Up to 24,000 health care workers in San Mateo County will be first to receive the COVID-19 vaccine, with the first shipment to the county expected to arrive next week, health officials said.
Chief of Health Louise Rogers and Dr. Anand Chabra – one of the county’s medical directors who oversees the vaccination program – discussed the vaccine’s timeline during the county Board of Supervisors meeting Tuesday.
“We know that we’re getting six boxes of the Pfizer vaccine probably next week, so that’s just under 6,000 doses. It’s a pretty small shipment,” Chabra said. “Towards the end of December, we’ll receive somewhere on the order of six to seven times as much of both the Pfizer and Moderna vaccine, assuming both get approved by the FDA.”
With additional vaccines on the way, Chabra said, “I think we could see pretty widespread vaccination (by) the middle of next year.”
Rogers said health care personnel and residents of long-term care facilities would be the first to receive the vaccine, estimating that the first round of vaccines would be enough to cover about 24,000 of the county’s 38,000 health care workers.
Additional shipments will continue to serve high-priority workers and residents before the general population. As the rest of the public waits for the vaccine, Rogers encouraged people to recommit to safe behaviors that will slow the spread of the virus.
“We’re really in the final phases. We are climbing one of the last hills. It may not be the last hill, but we’re getting there. We have every reason to be very optimistic about the future,” Rogers said.
COVID-19 cases and hospitalizations are on the rise across the county and the rest of the Bay Area.
San Mateo County has an unadjusted case rate of 18.5 new cases per day per 100,000, according to the state’s data, which reflects cases for the week ending Nov. 28. County data shows the number of daily cases has been increasing since early November.
San Mateo County did not join five other Bay Area counties in implementing a new stay-at-home order – which the state would implement on regions that dip below 15 percent ICU availability. But with hospitalizations increasing, Rogers said it was only a matter of time before the state triggered the regional stay at home order for the Bay Area.
“We are comfortable with 15 percent as the ICU trigger metric along with most of the state. We know it is a question of when, not if, new restrictions will apply,” Rogers said, adding that the county will monitor data and implement early restrictions if the figures change. “We believe that everyone should stay home and prepare, and businesses should be thinking that this is going to drop at any minute, any day.”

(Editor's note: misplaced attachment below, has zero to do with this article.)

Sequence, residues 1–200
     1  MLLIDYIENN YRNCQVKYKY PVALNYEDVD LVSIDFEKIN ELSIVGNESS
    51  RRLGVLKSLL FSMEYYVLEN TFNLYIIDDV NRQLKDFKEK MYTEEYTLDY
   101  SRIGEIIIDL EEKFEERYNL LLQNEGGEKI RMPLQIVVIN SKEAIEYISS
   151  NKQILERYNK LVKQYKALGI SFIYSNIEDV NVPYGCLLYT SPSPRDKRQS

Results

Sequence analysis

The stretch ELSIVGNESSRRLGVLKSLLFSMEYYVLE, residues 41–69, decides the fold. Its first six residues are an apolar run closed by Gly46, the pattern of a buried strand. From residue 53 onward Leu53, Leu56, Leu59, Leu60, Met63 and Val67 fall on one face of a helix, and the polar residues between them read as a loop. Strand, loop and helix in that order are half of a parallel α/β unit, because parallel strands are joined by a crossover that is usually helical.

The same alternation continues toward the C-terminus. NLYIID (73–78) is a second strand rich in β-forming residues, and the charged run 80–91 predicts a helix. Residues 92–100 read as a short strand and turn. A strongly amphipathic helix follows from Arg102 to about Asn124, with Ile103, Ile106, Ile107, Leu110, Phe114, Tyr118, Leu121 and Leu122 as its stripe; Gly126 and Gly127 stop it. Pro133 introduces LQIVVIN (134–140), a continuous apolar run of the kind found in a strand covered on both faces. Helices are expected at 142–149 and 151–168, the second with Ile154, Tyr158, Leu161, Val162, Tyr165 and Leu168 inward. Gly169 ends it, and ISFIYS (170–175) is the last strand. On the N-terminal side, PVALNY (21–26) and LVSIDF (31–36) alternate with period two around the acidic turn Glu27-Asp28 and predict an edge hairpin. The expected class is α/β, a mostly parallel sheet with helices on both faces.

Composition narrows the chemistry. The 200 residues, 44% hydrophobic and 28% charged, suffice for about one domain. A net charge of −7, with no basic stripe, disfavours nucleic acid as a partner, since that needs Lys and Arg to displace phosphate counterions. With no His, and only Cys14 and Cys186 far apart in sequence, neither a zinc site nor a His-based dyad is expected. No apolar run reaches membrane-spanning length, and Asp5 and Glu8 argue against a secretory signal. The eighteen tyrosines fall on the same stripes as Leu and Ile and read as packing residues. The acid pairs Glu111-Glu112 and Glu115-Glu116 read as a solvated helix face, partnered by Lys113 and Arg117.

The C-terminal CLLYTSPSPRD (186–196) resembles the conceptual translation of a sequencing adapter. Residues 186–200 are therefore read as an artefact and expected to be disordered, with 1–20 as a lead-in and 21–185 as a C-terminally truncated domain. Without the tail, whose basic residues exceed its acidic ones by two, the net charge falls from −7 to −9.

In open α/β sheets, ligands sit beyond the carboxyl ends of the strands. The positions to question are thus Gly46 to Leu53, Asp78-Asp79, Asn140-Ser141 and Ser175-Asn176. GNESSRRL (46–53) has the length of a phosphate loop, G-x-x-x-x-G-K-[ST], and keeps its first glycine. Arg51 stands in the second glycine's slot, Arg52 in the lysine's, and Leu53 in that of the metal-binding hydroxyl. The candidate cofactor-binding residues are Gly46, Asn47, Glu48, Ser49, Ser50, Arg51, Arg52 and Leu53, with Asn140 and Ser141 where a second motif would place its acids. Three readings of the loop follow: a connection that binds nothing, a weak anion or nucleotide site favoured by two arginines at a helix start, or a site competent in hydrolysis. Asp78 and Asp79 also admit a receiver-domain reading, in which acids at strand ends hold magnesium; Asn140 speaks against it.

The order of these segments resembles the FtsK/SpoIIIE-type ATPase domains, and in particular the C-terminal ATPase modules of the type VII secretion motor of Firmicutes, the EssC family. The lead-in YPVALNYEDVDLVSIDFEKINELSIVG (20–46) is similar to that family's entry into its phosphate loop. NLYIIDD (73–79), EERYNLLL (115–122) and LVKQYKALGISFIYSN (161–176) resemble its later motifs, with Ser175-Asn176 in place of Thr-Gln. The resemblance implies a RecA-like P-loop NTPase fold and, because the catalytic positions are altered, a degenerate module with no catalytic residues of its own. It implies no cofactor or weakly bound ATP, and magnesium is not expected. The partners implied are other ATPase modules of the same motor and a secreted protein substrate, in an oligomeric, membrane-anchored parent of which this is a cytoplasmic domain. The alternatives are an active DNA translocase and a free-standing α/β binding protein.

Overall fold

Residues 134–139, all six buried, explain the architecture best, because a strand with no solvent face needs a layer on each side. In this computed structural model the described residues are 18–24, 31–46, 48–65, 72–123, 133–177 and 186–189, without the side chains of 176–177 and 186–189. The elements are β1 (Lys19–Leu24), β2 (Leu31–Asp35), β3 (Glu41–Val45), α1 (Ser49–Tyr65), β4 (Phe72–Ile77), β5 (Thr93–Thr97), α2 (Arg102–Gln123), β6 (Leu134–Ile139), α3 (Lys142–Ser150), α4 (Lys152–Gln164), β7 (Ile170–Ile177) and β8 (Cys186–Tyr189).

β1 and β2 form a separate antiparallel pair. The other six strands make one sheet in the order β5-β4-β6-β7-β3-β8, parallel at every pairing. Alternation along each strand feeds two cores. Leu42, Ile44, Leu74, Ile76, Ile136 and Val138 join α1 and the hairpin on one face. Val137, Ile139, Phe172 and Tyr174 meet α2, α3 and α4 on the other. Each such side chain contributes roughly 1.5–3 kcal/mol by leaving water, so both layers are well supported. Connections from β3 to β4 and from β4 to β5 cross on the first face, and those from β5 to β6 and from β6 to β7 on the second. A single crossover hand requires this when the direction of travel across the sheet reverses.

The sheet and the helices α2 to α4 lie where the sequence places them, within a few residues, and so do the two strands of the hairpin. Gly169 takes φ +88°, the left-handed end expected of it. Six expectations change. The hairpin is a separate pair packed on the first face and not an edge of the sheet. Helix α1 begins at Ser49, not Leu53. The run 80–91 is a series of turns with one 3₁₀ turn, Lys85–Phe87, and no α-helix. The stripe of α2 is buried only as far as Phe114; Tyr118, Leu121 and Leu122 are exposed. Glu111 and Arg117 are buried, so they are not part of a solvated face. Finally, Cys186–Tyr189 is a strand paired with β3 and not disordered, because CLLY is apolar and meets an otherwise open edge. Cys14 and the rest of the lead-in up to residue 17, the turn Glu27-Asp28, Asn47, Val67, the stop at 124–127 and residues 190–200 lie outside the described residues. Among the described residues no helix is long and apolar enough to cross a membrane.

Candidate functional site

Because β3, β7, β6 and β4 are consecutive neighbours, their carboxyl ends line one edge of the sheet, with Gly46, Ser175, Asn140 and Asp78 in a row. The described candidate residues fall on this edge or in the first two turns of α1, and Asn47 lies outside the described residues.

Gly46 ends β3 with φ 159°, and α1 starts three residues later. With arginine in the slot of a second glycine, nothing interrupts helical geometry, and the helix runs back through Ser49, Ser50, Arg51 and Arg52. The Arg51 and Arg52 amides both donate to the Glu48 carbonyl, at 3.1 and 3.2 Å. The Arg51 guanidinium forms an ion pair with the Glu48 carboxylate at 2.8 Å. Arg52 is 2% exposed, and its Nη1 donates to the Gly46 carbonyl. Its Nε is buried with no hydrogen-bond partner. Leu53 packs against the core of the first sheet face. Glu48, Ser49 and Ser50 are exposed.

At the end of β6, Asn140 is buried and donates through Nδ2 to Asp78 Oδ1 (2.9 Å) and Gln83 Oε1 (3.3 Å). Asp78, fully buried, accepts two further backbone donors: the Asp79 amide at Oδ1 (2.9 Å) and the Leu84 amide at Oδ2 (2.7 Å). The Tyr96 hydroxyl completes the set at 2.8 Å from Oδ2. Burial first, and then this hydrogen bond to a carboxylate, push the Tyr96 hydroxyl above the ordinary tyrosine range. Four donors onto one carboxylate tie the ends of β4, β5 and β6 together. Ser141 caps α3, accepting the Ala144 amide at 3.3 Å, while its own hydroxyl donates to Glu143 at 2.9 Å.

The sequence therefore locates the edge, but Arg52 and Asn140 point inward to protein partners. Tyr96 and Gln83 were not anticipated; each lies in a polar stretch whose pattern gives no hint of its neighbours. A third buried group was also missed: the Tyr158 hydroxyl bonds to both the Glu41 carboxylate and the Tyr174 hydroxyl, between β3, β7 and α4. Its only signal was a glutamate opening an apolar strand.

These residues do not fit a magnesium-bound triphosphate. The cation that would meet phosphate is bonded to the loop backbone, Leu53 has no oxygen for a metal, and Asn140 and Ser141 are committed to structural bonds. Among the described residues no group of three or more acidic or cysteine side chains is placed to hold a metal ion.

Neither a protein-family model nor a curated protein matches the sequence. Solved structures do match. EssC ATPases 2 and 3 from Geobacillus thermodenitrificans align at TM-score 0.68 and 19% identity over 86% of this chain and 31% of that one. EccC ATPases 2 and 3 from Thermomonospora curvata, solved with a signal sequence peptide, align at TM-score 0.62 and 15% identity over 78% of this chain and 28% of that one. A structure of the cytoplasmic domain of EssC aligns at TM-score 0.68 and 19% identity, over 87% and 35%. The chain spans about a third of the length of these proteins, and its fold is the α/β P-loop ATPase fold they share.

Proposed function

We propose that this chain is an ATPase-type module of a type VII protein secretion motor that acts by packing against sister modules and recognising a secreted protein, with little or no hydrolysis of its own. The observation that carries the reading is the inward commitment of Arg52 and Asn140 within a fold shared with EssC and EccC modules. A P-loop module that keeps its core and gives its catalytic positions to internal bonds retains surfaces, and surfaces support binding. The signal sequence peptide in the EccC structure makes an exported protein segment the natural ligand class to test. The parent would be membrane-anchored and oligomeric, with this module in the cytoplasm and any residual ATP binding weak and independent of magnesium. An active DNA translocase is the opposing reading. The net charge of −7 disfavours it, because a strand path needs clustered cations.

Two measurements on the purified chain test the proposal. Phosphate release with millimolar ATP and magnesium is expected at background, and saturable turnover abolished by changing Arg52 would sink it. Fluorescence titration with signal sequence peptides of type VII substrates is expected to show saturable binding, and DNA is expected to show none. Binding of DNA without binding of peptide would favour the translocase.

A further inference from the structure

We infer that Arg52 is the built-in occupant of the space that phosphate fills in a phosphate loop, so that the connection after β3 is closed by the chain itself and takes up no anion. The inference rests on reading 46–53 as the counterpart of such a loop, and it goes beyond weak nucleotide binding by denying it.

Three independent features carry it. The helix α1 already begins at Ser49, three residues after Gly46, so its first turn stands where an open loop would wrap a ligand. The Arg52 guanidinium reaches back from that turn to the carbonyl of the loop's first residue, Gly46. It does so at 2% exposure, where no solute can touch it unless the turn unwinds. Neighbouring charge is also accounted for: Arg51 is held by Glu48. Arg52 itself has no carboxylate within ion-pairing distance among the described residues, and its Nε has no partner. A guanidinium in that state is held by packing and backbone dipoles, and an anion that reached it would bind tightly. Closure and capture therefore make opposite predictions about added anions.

As of Tuesday, state data show the Bay Area’s ICU availability at 24.5 percent and San Mateo County’s availability at 34.9 percent.
County figures show there are 84 hospitalized COVID-19 patients, 60 out of 68 ICU beds in use, and an additional 88 ICU surge beds are available, which Rogers expects will be used in the coming weeks. However, Rogers said that staffing – not the beds – is the primary barrier to expanding ICU capacity.
In response, Rogers said the county is working with partners to address the staffing barrier, and the county has asked hospitals to activate surge plans in preparation for increased demand.
A spokesperson from Kaiser Permanente Northern California said via email that the HMO is seeing about a third more COVID-19 cases than during the previous peak in early summer, and that it is keeping “a close eye on ICU bed volume, which fluctuates.”
“We have the ability to increase our hospital bed capacity by 70%. Additionally, we have planned for an additional 10 to 20% increase in staff above and beyond the normal winter season in addition to securing travel nurses,” Michelle Gaskill-Hames from Kaiser Permanente said in a statement.
Gaskill-Hames is Senior Vice President of Health Plan and Hospital Operations for Kaiser Permanente Northern California.
In order to stem the spread of the virus, Rogers reiterated Health Officer Dr. Scott Morrow’s message that individual actions – rather than blanket restrictions – are most helpful in preventing the spread of the virus.
People should avoid gatherings outside of their household, practice social distancing and wear a face covering in public.
“Stop moving around, stay at home,” Rogers said, echoing Morrow’s message. “Please observe the most restrictive definition of what you deem to be essential.”
Supervisors also approved a $2 million extension of the county’s contract with Verily – the Alphabet company that provides free COVID-19 testing. This would expand testing capacity to meet increased demand and provide testing for the county through January 2021.